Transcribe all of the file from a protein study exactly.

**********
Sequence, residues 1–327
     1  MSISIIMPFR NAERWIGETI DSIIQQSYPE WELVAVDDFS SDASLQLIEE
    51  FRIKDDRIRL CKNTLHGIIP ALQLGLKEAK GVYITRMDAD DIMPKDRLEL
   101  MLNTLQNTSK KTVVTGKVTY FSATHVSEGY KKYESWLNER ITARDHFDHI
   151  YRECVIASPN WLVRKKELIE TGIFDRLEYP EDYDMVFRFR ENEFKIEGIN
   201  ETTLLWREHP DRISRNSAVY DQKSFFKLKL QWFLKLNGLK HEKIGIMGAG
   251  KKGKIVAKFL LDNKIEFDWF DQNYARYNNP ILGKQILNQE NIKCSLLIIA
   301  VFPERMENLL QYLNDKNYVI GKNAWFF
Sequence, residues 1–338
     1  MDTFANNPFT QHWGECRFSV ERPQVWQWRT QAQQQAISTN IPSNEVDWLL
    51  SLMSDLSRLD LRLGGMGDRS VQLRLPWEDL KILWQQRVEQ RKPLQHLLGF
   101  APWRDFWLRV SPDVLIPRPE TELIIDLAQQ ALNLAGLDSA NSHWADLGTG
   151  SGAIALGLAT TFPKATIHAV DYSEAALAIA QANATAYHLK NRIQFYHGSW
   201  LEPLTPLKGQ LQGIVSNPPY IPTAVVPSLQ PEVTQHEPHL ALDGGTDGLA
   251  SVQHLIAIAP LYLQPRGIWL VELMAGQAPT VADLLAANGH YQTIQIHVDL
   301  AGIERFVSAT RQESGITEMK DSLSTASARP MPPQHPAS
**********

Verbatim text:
Sequence, residues 1–327
     1  MSISIIMPFR NAERWIGETI DSIIQQSYPE WELVAVDDFS SDASLQLIEE
    51  FRIKDDRIRL CKNTLHGIIP ALQLGLKEAK GVYITRMDAD DIMPKDRLEL
   101  MLNTLQNTSK KTVVTGKVTY FSATHVSEGY KKYESWLNER ITARDHFDHI
   151  YRECVIASPN WLVRKKELIE TGIFDRLEYP EDYDMVFRFR ENEFKIEGIN
   201  ETTLLWREHP DRISRNSAVY DQKSFFKLKL QWFLKLNGLK HEKIGIMGAG
   251  KKGKIVAKFL LDNKIEFDWF DQNYARYNNP ILGKQILNQE NIKCSLLIIA
   301  VFPERMENLL QYLNDKNYVI GKNAWFF
Sequence, residues 1–338
     1  MDTFANNPFT QHWGECRFSV ERPQVWQWRT QAQQQAISTN IPSNEVDWLL
    51  SLMSDLSRLD LRLGGMGDRS VQLRLPWEDL KILWQQRVEQ RKPLQHLLGF
   101  APWRDFWLRV SPDVLIPRPE TELIIDLAQQ ALNLAGLDSA NSHWADLGTG
   151  SGAIALGLAT TFPKATIHAV DYSEAALAIA QANATAYHLK NRIQFYHGSW
   201  LEPLTPLKGQ LQGIVSNPPY IPTAVVPSLQ PEVTQHEPHL ALDGGTDGLA
   251  SVQHLIAIAP LYLQPRGIWL VELMAGQAPT VADLLAANGH YQTIQIHVDL
   301  AGIERFVSAT RQESGITEMK DSLSTASARP MPPQHPAS